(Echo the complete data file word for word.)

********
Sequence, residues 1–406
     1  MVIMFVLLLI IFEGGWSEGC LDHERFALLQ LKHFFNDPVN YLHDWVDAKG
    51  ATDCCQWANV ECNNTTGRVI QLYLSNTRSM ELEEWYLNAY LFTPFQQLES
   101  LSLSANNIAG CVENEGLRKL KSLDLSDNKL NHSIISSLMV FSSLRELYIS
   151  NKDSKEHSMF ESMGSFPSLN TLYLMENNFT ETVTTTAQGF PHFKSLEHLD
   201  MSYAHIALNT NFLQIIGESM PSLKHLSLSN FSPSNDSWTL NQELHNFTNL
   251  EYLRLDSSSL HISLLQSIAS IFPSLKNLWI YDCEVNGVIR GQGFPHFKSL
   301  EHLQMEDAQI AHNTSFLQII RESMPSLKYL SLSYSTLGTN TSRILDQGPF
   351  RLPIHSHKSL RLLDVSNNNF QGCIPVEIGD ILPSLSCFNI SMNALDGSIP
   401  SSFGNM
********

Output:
Sequence, residues 1–406
     1  MVIMFVLLLI IFEGGWSEGC LDHERFALLQ LKHFFNDPVN YLHDWVDAKG
    51  ATDCCQWANV ECNNTTGRVI QLYLSNTRSM ELEEWYLNAY LFTPFQQLES
   101  LSLSANNIAG CVENEGLRKL KSLDLSDNKL NHSIISSLMV FSSLRELYIS
   151  NKDSKEHSMF ESMGSFPSLN TLYLMENNFT ETVTTTAQGF PHFKSLEHLD
   201  MSYAHIALNT NFLQIIGESM PSLKHLSLSN FSPSNDSWTL NQELHNFTNL
   251  EYLRLDSSSL HISLLQSIAS IFPSLKNLWI YDCEVNGVIR GQGFPHFKSL
   301  EHLQMEDAQI AHNTSFLQII RESMPSLKYL SLSYSTLGTN TSRILDQGPF
   351  RLPIHSHKSL RLLDVSNNNF QGCIPVEIGD ILPSLSCFNI SMNALDGSIP
   401  SSFGNM